vibrated with passion, "just at the beginning of her career, to be made
cheap by you, or any like you - "

He lifted his hooded hawk's eyes and looked at Hanson, who in turn
looked boldly back at him with something indefinable yet unmistakable,
something that was not only defiance, but also a threat in the blaze of
his angry eyes.

And Gallito caught it and raised his brows ever so slightly, pondering
surprisedly for a moment, and then resolutely putting the matter aside
for the present. But Hanson continued to gaze across the table at him.

"Read me my pedigree, ain't you?" he snarled. "All right. Now just let
me tell you something, Gallito. I take my answer from your daughter, and
from no one else. Understand?"

"No," returned Gallito, "I do not understand."

Hanson controlled himself with difficulty. For a moment it was on the
tip of his tongue to tell Gallito that the latter's connivance in the
escape of the notorious Crop-eared José was known to him; also, he was
perfectly cognizant of the present whereabouts of that much-desired
person, and that he, Hanson, had but to step to the telegraph office and
send a wire to Los Angeles, and not only José, but Gallito would be in
custody before night. An admirable method for securing Gallito's
consent to his daughter's acceptance of this professional engagement
which Hanson offered. But, carefully considered, it had its flaws, and
Hanson was not the man to overlook them. Indeed, he sat there in a
baffled and furious silence, going over them mentally and viewing them
from every possible angle.

In the first place, it was extremely doubtful if, after communicating
his knowledge to Gallito, he would ever be permitted to reach the
telegraph station, and, in the second place, he would, he was convinced,
have not only Gallito, but the, to him, more formidable Bob Flick to
deal with. Therefore, and most reluctantly, he decided to keep his
information and his threats to himself for the present and, certainly,
until he was better able to enforce the latter.

But, as he told himself, twisting his shoulders irritably, there was
something about this old Spaniard which got on his nerves. A quality of
composed patience, as if he, at least, never doubted the successful
outcome of his plans; a rock-like imperturbability against which
violence or vituperation shattered itself and fell harmless.

"Look here, Gallito," again he adopted a conciliatory manner, leaning
his elbows on the table, as if prepared for a long discussion, after
first helping himself to another glass of cognac and a fresh cigarette,
"what's the use of a row, anyway? Now, why can't we come to some
agreement. What you say about your daughter's abilities is all true,
every word of it. That's the reason I'm so keen to get her. I know, and
I'm frank enough to confess it, that out here in the desert, with not
much to think about, on a vacation, and all, why - I kind of lost my head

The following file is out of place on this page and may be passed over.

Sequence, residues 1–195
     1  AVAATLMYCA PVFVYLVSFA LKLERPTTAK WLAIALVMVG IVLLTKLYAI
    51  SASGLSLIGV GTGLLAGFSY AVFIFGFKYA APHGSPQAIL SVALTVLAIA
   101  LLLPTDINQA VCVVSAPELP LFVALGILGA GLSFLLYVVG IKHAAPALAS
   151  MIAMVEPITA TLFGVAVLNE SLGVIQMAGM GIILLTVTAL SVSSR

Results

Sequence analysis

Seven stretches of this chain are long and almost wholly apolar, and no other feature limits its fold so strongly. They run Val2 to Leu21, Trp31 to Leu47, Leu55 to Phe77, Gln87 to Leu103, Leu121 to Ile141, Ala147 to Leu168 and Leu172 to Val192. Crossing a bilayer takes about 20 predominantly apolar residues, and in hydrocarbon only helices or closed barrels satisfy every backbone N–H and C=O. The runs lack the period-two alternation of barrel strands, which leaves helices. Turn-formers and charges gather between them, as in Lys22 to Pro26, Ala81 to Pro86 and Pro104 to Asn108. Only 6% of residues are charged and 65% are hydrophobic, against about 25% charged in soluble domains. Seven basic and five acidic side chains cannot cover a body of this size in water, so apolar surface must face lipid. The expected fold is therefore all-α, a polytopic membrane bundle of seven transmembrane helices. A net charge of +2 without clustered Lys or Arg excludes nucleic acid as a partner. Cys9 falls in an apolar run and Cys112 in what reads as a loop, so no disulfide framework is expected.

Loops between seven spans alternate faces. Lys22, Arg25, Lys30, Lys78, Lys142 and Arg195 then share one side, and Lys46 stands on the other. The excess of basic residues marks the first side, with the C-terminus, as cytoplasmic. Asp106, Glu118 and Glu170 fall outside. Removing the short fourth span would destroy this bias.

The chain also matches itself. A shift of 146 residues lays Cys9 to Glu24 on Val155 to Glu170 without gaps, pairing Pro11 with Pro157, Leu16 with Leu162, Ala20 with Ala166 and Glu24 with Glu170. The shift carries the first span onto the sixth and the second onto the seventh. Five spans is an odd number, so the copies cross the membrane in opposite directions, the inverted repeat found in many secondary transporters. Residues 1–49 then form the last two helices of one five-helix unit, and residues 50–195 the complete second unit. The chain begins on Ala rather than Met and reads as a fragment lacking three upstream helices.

about her. She's a beautiful woman, Gallito, no need to tell you that.
But you know, and I know, that a man can always shut down on that sort
of thing if he's got to. My reputation ain't what it ought to be, no one
knows that better than I, or feels it more; but, honest to God, Gallito,
I ain't as black as I've been painted. No man is, probably. Now, what I
got to say is this - "

"No need to say it, Mr. Hanson," interrupted Gallito, who had been
twisting his mouth wryly during these remarks.

Again Hanson concealed his rising anger, although the color rose in his
cheeks. "Now just let me talk a minute, Gallito." He spread out his
hands placatingly. "The proposition I'm going to make you is this: Miss
Gallito tells me that her mother traveled with her when she was younger,
and even now, when she can spare the time from her farming, she goes out
on the road with the young lady. Now, why not have a purely business
arrangement. Let Miss Pearl sign up with me, and then we'll coax her
mother to go with her. I should think that would satisfy you. It ought
to satisfy any one, for a girl's mother to go with her."

"Of course," the Spaniard bowed with stately courtesy, but not before
had his smile been so sardonic. "As you say, every one should be
satisfied with such an arrangement and, let me say, it is one that would
greatly please me, but as I told you before, Mr. Hanson, it cannot be.
My daughter must keep her contract with Sweeney."

At white heat, Hanson rose and pushed back his chair. "Hell!" he cried.
"What am I up against, anyway! Give some people the earth and it
wouldn't suit 'em. But you can take this from me, Gallito," he leaned
forward and pounded his fist on the table, "I don't take my answer from
you. We'll see what the Black Pearl has got to say. The Black Pearl
smirched by going out with me!" He laughed aloud.

He fell back frightened as Gallito half rose from his chair, and then,
to his unbounded surprise, the Spaniard sat down again and softly rubbed